Recovering from a Facial Nerve Palsy

After heavy rains last year, a wall of a local primary school building fell on top of children who were in the classroom. The most severely injured patient was a young girl who sustained a closed head injury with a basilar skull fracture. She was treated with medicine to reduce the swelling of the brain and steadily showed improvement. She also developed meningitis during her hospital stay.

As she continued to improve over the following days, it became apparent that her facial nerve (which controls the muscles of the face) had been damaged in the accident. After a couple months, she complained about the inability to close her right eye when she sleeps and therefore the eye was watering. She is the granddaughter of one of out friends in town, so I was able to regularly provide saline drops for her eyes until they improved.

The facial nerve palsy is still recovering, but I see improvements every time I run into her in town. Each time I see her or talk to her grandmother, I am just thankful that she is alive and thriving.

Rectal Prolapse – Before & After

I recently posted about a boy with a rectal prolapse caused by his attempt to manage the pain of a large bladder stone. I realize many of our readers don’t know what a rectal prolapse is. It’s not pretty, that’s for sure, but I deal with them fairly often at our hospital. Here’s a good example of a case that illustrates the how much relief can be given to a patient by correcting this condition.

A 45 year-old man presented to the hospital with a long-standing history of intermittent rectal prolapse which had acutely become much worse and was not reducing (returning back inside the anus). The longer the rectum remains outside the anus, the more edematous or swollen it becomes. It bleeds easily and makes it impossible to sit down. Eventually, it causes intestinal obstruction. By the time the patient came to the hospital, it was beyond conservative measures and necessitated an operative solution.

** WARNING: GRAPHIC IMAGES **
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Welcome Nils & Marlen!

German NGOs Evivo & Weltwärts have sent two new volunteers to Nalerigu to work at a local private school and feeding center. We’ve served as mentors for each pair of volunteers for the last three years and it’s always been an fun experience.

Since we started, we’ve declared Sunday nights to be German Movie Night and we have the volunteers over for dinner and a movie (which is sometimes and actual German movie).

We’re happy to welcome Nils & Marlen as they start their year of service in Nalerigu. We look forward to many German Movie Nights together!

Dog Meat

As in many places with large Muslim populations, the local butchers observe halal practices, meaning that the meat is slaughtered and prepared according to the Islamic dietary law as dictated by the Quran. In Nalerigu, our primary butchers are in the central market and only deal in cow, sheep and goat meat. For “unclean” meat like pork, you have to find a non-Muslim butcher.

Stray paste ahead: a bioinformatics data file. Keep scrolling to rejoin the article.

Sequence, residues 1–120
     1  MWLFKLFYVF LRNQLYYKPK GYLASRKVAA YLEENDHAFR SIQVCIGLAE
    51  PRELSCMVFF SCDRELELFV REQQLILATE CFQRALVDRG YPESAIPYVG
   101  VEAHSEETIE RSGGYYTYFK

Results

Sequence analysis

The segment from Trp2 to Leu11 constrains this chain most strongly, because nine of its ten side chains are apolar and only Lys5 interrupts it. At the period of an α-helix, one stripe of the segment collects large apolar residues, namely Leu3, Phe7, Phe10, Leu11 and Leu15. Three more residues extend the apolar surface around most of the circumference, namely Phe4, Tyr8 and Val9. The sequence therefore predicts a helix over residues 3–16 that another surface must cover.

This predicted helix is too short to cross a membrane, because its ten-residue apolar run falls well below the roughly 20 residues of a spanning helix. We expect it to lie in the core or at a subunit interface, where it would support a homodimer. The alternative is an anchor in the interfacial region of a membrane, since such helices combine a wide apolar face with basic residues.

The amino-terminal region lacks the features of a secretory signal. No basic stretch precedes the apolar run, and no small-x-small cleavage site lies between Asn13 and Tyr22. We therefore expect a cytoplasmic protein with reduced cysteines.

There’s a guy nicknamed Secretary that I go to for pork but on a recent visit, he said didn’t have any pork. I asked what was cooking in the pot and he replied, “Dog.” Always up for trying something new, I bought a hind quarter for about $3.50 and headed home.

It was Friday, which means pizza night, so Heidi put some of the meat on a pizza. Trey complained that it was a bit too chewy. I also took some ribs and flank and roasted them in the oven slathered in barbecue sauce. Trey loved that because it became more tender.

Cuisine in northern Ghana is always interesting!

* Note: My family has pledged not to eat our pet dog Buster.
** Additional Note: The dog we ate had been hit by car and had to be put down. He was not a stolen pet or raised for the purpose of becoming a pizza topping.

Uganda’s Adungu Harp

I was recently visiting churches in the refugee camps of northwestern Uganda and came across these wonderful instruments. Called an adungu (or ekidongo or ennenga in other languages) it is a sort of arched harp.

When arriving at one church, I heard music coming from inside. The bass was so clear that I assumed it was a speaker system. I looked around and saw no power lines at all and was curious how they were powering the audio system. Upon entering the church I saw three men playing adungus of different sizes. The largest (which was making the deep, clear bass tones) was so long that a little kid sat on the tail end and beat it like a drum!


But what is the relationship between magic and modernity in postcolonial Africa?

Magic, divination and the belief in spirits imbuing material objects and ancestors, is hardly ‘a hangover from the past’ but rather an attempt to locate meaning and prosperity in a modern, postcolonial world characterized by monetary forms and global market economies.

Bernhard M. Bierlich